Patience and Perseverance
Just three weeks in, I almost threw in the towel on studying Chinese medicine. A couple of classmates and I were studying herbal formulas. It was like being asked to read and comprehend a foreign language for which I’d not yet learned the alphabet.
Something in me snapped. This is impossible, I said aloud, and a fool’s errand to boot! What was I thinking? Chinese medicine? How could I have had such a mental lapse that led me to embark on this path?
My classmate, a fellow Missourian, caught me in the middle of the tirade. Said something I don’t remember that drew a moment of calm amid the turmoil. And then he pulled out his small pack of yellow Post-It notes and in blue ink he wrote, “Things take time.”
That little note got me through many ensuing difficulties over the next three years.
And in retrospect, it also set me on a path of cultivating perseverance.
That’s not something we think much about in our “give it to me yesterday” world.
I did not grow up with “perseverance” in my vocabulary. The first time I came across the word, I was in my 20’s, fooling around with the Yi Jing, The Book of Changes. I tended to get hexagrams that were fond of saying “perseverance furthers.” I’d no idea what that meant. It sounded unpleasant.
But unpleasant doesn’t translate as “not worth doing.”
Recently I’ve been reflecting on the difference between patience and perseverance. Difficulties and obstacles arise in every life. Sometimes there is nothing to do. We simply have to wait. Many aspects of life don’t unfold on our timeline, and sometimes we have to find a way through dead ends, other people’s missteps— and our own as well.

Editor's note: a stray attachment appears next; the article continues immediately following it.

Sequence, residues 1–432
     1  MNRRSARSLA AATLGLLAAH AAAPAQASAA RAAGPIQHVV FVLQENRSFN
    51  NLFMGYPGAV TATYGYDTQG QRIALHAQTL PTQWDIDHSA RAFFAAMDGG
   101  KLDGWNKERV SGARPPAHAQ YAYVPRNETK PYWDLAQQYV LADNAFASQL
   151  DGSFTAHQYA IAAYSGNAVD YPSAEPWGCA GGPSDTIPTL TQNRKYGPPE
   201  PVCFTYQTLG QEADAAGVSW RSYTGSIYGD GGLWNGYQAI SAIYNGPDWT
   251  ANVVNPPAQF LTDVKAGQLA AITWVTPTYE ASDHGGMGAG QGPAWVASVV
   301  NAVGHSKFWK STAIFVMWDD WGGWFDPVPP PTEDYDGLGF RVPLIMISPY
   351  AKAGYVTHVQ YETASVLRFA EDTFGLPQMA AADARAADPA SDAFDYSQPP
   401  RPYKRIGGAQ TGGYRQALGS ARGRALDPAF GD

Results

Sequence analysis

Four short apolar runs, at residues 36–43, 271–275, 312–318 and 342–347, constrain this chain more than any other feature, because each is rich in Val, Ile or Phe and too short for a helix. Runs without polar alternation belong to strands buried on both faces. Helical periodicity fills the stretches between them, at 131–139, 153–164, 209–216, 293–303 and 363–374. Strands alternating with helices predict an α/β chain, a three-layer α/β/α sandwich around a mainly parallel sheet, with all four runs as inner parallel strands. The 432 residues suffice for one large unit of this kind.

Yes, sometimes, we have to wait. It does take patience. Patience is passive, yet often unavoidable. Moments when we indeed must remove our hands from the wheel, when we cannot control events and must wait for the time to ripen.
And then there is perseverance, which can take us on a path that requires months, years or decades to travel. Perseverance allows us to wait, but it is not the distracted waiting of getting through the line at Trader Joe’s or the fidgety anger-infused obstructions that arise as part of daily life.
Perseverance brings an active principle to patience, a sense of movement behind the enforced stillness. Perseverance allows us to sniff out opportunity where previously we were moving too fast to notice. Perseverance also allows us to keep something sparky and alive in a moment of utter stagnation.
I think of perseverance as patience with an active voice. It’s the surrender of giving in, instead of giving up. It does not translate failure into defeat, but rather into opportunity. It’s the hero’s journey in working clothes.
Patience allows us into the moment as it is. Perseverance threads those moments together.
The Fifth Season: Late Summer
You’ve likely noticed lawns sprinkled with a polka-dot of fallen leaves. The deepening of the sky from pale summer blue to a deeper luscious cerulean. Evenings that invite sleeping with windows open to the cool night.
Fall is not yet in the air, but these are all signs of what in the Chinese calendar is called “late summer.” Late summer is a short season in
between the heat of summer and the cool dry of fall. It is considered a time of year that corresponds with the Earth element of the Five Elements. It’s a time to gather and harvest.